Few American motorists realize that Fiat is an acronym, much less that it stands for Fabbrica Italiana Automobili Torino. If they think acronym at all, it’s “Fix It Again, Tony,” a derisive reference to the Italian automaker’s legendary reputation for substandard quality.
Which wouldn’t matter, except that Fiat Chrysler Automobile N.V. (FCA) is toiling hard to revive the brand in the U.S. following a 25-year hiatus.
FCA began importing its sarcastically tiny Fiat 500 minicar to the U.S. in 2007 to mostly respectful reviews and tepid sales. Since then the automaker has added souped-up versions, slightly larger versions and now the 500X, a mini-SUV based on original. The time clearly has arrived to improve quality, and perhaps address the “Fix It Again, Tony” disgrace.
Olivier Francois, FCA’s marketing chief for Fiat and Chrysler, said at the Los Angeles Auto Show in November: “We need to let our customers know that FIAT—NOW—has a perfect fit for America,” the 500X.
To underscore the point that Fiat is a “sexy” and legitimate brand, Francois has decided to take on the brand’s baggage directly, hiring Wieden & Kennedy to produce “Fix It Again, Tony.” In the witty and engaging video, a squad of Italian mechanics “fix” a Honda Civic with a broken mirror by turning the vehicle into a new 500X.
The mechanics speak in fractured English and offer to make the owner of the Civic an espresso while he waits for the repair.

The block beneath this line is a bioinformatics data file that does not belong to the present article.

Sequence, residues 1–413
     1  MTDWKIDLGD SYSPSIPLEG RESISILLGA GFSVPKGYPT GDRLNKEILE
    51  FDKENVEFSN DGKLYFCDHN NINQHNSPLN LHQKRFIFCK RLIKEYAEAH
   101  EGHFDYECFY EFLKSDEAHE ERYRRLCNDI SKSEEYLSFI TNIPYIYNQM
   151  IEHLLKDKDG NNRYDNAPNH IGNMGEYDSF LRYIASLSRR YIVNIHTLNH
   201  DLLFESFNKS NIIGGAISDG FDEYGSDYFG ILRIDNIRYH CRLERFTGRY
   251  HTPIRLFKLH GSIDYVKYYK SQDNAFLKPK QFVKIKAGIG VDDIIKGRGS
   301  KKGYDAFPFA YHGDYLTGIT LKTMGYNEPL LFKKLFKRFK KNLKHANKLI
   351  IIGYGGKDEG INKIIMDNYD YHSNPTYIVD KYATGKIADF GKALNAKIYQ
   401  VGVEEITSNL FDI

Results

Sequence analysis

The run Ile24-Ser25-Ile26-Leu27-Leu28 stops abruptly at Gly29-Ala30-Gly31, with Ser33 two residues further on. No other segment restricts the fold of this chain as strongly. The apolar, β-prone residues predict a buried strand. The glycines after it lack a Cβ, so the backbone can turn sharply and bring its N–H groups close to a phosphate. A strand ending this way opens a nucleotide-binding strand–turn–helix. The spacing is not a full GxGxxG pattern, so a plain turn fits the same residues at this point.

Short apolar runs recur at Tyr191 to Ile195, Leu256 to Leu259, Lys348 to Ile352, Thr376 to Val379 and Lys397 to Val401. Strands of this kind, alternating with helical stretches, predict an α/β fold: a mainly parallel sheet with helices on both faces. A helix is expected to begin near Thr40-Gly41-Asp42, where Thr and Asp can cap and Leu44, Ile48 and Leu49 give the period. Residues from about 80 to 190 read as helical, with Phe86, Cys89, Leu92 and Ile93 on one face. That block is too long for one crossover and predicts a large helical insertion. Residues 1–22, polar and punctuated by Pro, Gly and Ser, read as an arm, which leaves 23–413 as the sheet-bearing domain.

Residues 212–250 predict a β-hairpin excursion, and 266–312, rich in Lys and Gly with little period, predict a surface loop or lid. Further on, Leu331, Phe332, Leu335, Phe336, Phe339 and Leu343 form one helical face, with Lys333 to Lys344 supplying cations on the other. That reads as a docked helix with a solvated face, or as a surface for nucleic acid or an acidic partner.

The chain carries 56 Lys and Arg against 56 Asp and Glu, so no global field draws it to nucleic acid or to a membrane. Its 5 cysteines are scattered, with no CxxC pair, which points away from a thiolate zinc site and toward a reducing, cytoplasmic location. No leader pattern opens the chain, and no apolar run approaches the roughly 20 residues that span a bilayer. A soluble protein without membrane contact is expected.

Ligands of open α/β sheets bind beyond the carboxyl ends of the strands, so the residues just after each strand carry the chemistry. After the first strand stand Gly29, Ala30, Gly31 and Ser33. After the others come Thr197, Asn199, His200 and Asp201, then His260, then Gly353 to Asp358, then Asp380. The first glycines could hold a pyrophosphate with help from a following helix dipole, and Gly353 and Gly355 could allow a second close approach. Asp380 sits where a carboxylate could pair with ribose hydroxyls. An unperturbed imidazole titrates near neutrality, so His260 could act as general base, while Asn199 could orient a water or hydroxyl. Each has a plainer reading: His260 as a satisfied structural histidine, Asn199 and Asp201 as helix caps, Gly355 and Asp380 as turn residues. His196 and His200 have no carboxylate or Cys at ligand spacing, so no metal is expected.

As Francois remarked about the 84-second video: “Really, it doesn’t just feature a new car, it features a skeleton. The skeleton in the closet, the elephant in the room. His name was Tony, and he had to go.” He noted that the Melfi, Italy plant where the 500X is built has been redesigned. The vehicle embodies 2.5 million hours of engineering and three million miles of testing, he said.
In terms of comparators, Fiat still brings up the rear in terms of quality ratings – which doesn’t mean that its quality isn’t sufficient to attract buyers.
Through October, Fiat’s U.S. sales topped 39,000 up 7.7% compared with the first ten months of last year. Fiat returned to the U.S. in 2009, following Chrysler’s bankruptcy, after exiting the market in 1983, part of a multi-prong strategy to join Fiat Chrysler into a global automaking enterprise. In the past year, FCA also reintroduced Alfa Romeo, FCA’s European luxury brand to the U.S.
Francois and FCA haven’t said whether “Fix It Again, Tony” will be aired on television. For now the automaker is satisfied to disseminate the video on social media and gauge the reaction. One potential trouble spot is the video’s potential propagating an anti-Italian ethnic slur. Another is the video’s insinuation that Honda sells boring cars that needs to be fixed.
The subcompact SUV segment is very hot in the U.S. and worldwide, providing lots of shoppers as well as lots of competition for 500X. My guess is that Tony will soon be playing to bigger audience on the wide screen.